Plant waxes (e.g. long-chain n-alkanes) in ice cores are a promising paleovegetation proxy. However, much work needs to be done to assess how n-alkanes are transported from source areas to, and incorporated into, glacial archives. In this paper we present analyses of n-alkanes in seasonal snow and assess the information on source vegetation. n-Alkanes with carbon numbers C18 to C43 were extracted from snow samples collected at two sites in Hokkaido, northern Japan, during winter 2009-2010. Molecular distributions revealed that the majority of the n-alkanes originated from higher vegetation (ca. 65%), rather than anthropogenic sources. The distribution characteristics confirmed that the n-alkane signal had a wide regional origin, rather than a local source. We determined stable carbon and hydrogen isotopic compositions for the C27n-alkane. The δ13C of the C27 (- 28.2 to - 33.0‰) was more representative of C 3 than C4 vegetation, while the δD of the C 27 (- 169.9 to - 223.1%‰) indicated growth latitudes more northerly than Hokkaido. The n-alkanes in the snow preserve information about the source vegetation type (photosynthetic group, growth site), confirming that if deposited with seasonal snows that firnify to form glacial ice, they have potential to record broad, regional vegetation changes over time.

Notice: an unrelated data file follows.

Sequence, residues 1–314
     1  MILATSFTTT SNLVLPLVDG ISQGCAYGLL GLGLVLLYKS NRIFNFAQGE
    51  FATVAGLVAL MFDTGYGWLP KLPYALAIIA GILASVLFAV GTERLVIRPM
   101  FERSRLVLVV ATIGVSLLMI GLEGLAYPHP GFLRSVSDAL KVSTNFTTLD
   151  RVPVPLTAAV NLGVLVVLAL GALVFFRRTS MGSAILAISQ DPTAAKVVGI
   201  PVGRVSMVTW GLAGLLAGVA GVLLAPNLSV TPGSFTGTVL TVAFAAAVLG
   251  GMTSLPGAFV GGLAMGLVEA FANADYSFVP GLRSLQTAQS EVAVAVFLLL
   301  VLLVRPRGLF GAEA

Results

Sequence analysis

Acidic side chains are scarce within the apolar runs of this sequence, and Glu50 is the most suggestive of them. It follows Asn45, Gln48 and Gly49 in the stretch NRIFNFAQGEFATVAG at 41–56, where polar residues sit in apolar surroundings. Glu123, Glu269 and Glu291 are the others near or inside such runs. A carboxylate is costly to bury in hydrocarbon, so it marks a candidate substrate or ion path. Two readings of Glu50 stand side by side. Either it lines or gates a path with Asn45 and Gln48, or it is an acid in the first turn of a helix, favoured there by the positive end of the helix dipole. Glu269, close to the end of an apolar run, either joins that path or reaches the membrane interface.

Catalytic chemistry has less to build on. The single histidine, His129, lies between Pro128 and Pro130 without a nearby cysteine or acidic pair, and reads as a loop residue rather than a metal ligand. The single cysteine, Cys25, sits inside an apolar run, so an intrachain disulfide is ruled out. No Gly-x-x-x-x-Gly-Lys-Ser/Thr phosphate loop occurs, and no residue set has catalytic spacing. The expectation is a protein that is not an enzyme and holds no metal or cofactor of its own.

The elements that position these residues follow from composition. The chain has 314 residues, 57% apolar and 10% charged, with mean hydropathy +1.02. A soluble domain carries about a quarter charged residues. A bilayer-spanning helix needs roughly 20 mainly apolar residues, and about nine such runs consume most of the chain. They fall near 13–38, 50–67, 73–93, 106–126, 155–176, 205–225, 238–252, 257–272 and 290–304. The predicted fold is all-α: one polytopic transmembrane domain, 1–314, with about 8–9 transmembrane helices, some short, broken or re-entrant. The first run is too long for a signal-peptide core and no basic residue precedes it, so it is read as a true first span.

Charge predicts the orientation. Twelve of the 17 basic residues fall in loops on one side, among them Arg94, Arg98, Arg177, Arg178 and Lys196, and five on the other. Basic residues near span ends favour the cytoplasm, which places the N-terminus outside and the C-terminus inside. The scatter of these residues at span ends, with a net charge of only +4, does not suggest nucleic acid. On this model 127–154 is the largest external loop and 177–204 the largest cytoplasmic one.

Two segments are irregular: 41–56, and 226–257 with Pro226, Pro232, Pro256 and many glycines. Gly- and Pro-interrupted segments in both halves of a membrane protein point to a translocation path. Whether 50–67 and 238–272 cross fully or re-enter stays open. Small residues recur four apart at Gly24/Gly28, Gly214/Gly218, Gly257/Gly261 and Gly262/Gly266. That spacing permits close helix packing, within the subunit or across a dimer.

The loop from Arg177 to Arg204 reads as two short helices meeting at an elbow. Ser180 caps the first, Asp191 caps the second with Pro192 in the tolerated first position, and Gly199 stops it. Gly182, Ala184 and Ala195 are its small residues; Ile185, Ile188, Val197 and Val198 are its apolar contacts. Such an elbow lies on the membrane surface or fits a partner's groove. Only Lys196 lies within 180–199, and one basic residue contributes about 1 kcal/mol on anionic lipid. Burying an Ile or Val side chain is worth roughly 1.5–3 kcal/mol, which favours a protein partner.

ASJC Scopus subject areas
- Global and Planetary Change
- Ecology, Evolution, Behavior and Systematics
- Earth-Surface Processes